THE speedboat is seen ashore after it sank on Padma River near Madaripur.—Reuters
THE speedboat is seen ashore after it sank on Padma River near Madaripur.—Reuters

DHAKA: At least 26 people were killed when a speedboat packed with passengers collided with a vessel transporting sand on Monday in the latest maritime disaster to hit Bangladesh.

Police said the speedboat carrying about three dozen passengers from the town of Mawa rammed into the other vessel in the Padma river as it neared the main river station in the central rural town of Shibchar.

“We have so far recovered 26 bodies including a woman. We have also rescued five injured people including three children,” police official Amir Hossain said.

Hossain said the bow of the passenger boat was destroyed when the speedboat smashed into the side of the transport vessel, sinking in the river in minutes.

“Police, the fire brigade and army rescue teams are on the spot, conducting search and rescue work,” he said.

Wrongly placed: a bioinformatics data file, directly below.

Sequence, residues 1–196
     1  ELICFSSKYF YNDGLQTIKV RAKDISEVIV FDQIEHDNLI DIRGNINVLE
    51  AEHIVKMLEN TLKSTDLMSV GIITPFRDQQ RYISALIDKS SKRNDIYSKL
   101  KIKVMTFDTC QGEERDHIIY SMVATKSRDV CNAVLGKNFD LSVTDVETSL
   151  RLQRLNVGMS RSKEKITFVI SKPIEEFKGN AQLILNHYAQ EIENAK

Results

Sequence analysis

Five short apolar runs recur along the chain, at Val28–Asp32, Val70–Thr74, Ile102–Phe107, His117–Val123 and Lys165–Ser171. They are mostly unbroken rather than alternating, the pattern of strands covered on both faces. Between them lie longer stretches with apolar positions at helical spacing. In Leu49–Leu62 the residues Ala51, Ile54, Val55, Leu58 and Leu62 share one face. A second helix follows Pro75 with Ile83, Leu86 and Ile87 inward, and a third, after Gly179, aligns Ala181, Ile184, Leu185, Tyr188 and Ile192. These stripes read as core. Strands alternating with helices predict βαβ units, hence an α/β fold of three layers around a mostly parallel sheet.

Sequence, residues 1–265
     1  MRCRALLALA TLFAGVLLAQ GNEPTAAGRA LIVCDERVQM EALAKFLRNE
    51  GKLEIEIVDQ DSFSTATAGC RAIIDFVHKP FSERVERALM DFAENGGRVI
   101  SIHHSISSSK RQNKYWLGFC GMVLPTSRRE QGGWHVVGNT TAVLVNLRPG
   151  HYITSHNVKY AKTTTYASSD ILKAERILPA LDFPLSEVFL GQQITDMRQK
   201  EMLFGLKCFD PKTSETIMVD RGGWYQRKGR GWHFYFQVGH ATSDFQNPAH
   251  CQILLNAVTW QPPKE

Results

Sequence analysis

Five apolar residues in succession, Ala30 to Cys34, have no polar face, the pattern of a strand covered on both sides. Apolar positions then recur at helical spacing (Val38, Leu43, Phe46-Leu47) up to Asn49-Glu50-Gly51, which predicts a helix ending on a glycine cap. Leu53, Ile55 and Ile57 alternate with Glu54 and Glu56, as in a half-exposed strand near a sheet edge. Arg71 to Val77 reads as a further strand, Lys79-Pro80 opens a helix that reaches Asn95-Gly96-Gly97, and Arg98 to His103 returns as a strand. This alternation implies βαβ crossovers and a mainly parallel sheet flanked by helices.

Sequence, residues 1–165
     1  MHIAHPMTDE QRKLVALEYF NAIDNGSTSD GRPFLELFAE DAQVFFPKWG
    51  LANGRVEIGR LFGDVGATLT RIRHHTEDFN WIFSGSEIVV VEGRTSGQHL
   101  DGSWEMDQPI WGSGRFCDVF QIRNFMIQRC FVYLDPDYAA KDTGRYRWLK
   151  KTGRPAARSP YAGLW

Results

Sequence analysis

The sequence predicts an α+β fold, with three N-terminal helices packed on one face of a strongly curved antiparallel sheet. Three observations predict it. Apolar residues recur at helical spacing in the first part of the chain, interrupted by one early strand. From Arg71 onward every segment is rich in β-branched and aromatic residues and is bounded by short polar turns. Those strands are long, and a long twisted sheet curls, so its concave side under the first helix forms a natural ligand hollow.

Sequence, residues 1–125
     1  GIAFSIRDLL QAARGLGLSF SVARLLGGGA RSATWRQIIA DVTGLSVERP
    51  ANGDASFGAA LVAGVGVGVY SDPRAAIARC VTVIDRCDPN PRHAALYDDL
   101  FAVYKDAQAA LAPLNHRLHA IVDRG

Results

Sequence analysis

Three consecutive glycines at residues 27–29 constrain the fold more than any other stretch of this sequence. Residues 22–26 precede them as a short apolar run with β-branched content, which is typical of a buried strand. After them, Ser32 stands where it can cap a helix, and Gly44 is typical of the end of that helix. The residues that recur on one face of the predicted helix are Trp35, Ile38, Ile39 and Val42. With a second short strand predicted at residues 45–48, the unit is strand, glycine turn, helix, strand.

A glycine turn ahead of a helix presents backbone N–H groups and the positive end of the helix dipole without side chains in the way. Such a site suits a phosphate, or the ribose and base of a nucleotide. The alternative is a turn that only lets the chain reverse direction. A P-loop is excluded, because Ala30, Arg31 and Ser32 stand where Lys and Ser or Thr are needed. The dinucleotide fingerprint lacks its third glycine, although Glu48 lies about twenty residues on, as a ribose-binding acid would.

Witness Abdur Rahman said there was a loud noise when the boats collided and the vessels then overturned.

“When we rushed to the spot we found the speedboat torn into two pieces.

Hundreds of villagers immediately started conducting rescue work before they were joined by police and the fire brigade,” he said.

Bangladesh is building the country’s largest road and railway bridge near the accident spot and police said officers were immediately at the scene.

Construction work has slowed ferry transport on the river, prompting many to take the journey on less safe speedboats, which take only about 15 minutes to make the crossing in contrast to up to two hours on safer ferries.

The government administrator of Shibchar district said up to five people were believed to be missing.

He said the driver of the speedboat would be investigated as he appeared to have hit the transport vessel, which was moored at the time. “A probe has been ordered into the accident,” he said.

Maritime accidents are common in Bangladesh, a delta nation crisscrossed by hundreds of rivers.

Published in Dawn, May 4th, 2021

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